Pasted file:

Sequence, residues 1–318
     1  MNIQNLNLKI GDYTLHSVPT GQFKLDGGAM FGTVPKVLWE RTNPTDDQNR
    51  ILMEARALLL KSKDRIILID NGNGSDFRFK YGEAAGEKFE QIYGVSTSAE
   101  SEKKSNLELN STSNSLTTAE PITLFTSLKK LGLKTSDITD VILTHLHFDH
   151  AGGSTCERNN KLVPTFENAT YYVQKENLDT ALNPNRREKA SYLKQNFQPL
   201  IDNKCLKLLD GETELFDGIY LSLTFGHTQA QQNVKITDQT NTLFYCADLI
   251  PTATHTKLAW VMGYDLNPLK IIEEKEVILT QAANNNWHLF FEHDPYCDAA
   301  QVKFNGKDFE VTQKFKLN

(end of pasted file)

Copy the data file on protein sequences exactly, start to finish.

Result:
Sequence, residues 1–318
     1  MNIQNLNLKI GDYTLHSVPT GQFKLDGGAM FGTVPKVLWE RTNPTDDQNR
    51  ILMEARALLL KSKDRIILID NGNGSDFRFK YGEAAGEKFE QIYGVSTSAE
   101  SEKKSNLELN STSNSLTTAE PITLFTSLKK LGLKTSDITD VILTHLHFDH
   151  AGGSTCERNN KLVPTFENAT YYVQKENLDT ALNPNRREKA SYLKQNFQPL
   201  IDNKCLKLLD GETELFDGIY LSLTFGHTQA QQNVKITDQT NTLFYCADLI
   251  PTATHTKLAW VMGYDLNPLK IIEEKEVILT QAANNNWHLF FEHDPYCDAA
   301  QVKFNGKDFE VTQKFKLN